Whitaker’s machine learning research is experiment-based., and that’s why he chose Michigan Tech. “There aren’t many opportunities in academia to do experiment-based research,” he says. “Most machine learning is very software-focused using pre-made datasets. I love doing the experiments myself. Research is fun. I enjoy getting paid to do what I normally would do in my free time.”
In 2019, Whitaker completed his BS in Electrical Engineering at Michigan Tech. He expects to complete his master’s degree in Electrical Engineering at the end of the summer 2021 semester, and his PhD in summer 2022. His advisors are Tim Havens and Andrew Barnard.
would love to be a university professor one day, but first he wants to work in
Timothy Havens is associate dean for research, College of Computing; the William and Gloria Jackson Associate Professor of Computer Systems; and director of the Institute of Computing and Cybersystems (ICC). His research interests are in pattern recognition and machine learning, signal and image processing, sensor and data fusion, heterogeneous data mining, and explosive hazard detection.
Michael Roggeman is a professor in the Electrical and Computer Engineering department. His research interests include optics, image reconstruction and processing, pattern recognition, and adaptive and atmospheric optics.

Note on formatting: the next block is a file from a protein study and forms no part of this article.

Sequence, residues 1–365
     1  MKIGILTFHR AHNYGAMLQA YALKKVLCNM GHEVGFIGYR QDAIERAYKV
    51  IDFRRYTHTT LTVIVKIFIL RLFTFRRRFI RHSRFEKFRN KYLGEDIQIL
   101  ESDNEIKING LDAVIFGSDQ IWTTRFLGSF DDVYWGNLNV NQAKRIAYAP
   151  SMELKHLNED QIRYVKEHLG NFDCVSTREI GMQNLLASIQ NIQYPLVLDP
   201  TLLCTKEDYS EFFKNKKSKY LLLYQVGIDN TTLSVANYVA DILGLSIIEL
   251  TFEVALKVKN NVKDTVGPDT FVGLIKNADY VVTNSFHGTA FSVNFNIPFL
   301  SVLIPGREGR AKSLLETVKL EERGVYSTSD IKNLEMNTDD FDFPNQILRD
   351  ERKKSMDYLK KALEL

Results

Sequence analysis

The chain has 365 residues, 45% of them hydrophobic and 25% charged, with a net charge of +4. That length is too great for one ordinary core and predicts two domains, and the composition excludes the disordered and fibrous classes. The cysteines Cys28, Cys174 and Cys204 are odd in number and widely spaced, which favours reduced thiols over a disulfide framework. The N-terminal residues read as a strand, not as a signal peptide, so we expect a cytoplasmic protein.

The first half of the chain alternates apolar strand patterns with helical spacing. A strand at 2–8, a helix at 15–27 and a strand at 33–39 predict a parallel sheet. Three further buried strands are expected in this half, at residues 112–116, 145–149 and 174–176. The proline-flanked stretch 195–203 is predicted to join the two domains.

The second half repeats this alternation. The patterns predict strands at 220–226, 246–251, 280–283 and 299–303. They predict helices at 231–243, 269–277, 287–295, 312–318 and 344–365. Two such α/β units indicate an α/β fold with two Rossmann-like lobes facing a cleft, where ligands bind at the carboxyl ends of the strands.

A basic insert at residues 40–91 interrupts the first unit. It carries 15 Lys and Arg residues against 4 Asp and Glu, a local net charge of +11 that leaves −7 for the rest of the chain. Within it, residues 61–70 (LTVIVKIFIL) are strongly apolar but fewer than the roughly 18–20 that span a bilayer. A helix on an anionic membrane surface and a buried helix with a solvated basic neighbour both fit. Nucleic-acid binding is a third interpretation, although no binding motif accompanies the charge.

Zhaohui Wang is an associate professor in the Electrical and Computer Engineering department. Her research interests are in communications, signal processing, communication networks, and network security, with an emphasis on underwater acoustic applications.
The Naval Information Warfare Center (NIWC) Pacific and the Naval Science, Technology, Engineering, and Mathematics (STEM) Coordination Office, managed by the Office of Naval Research are conducting the Artificial Intelligence (AI) Tracks at Sea challenge.
Challenge.gov is a web platform that assists federal agencies with inviting ideas and solutions directly from the public, or “crowd.” This is called crowdsourcing, and it’s a tenet of the Challenge.gov program. The website enables the U.S. government to engage citizen-solvers in prize competitions for top ideas and concepts as well as breakthrough software, scientific and technology solutions that help achieve their agency missions.
This site also provides a comprehensive
toolkit, a robust repository of considerations, best practices, and case
studies on running public-sector prize competitions as developed with insights
from prize experts across government.
We are looking for volunteers to take part in a study exploring how people may interact with future Augmented Reality (AR) interfaces. During the study, you will record videos of yourself tapping on a printed keyboard. The study takes approximately one hour, and you will be paid $15 for your time. You will complete the study at your home.
To participate you must meet the following requirements: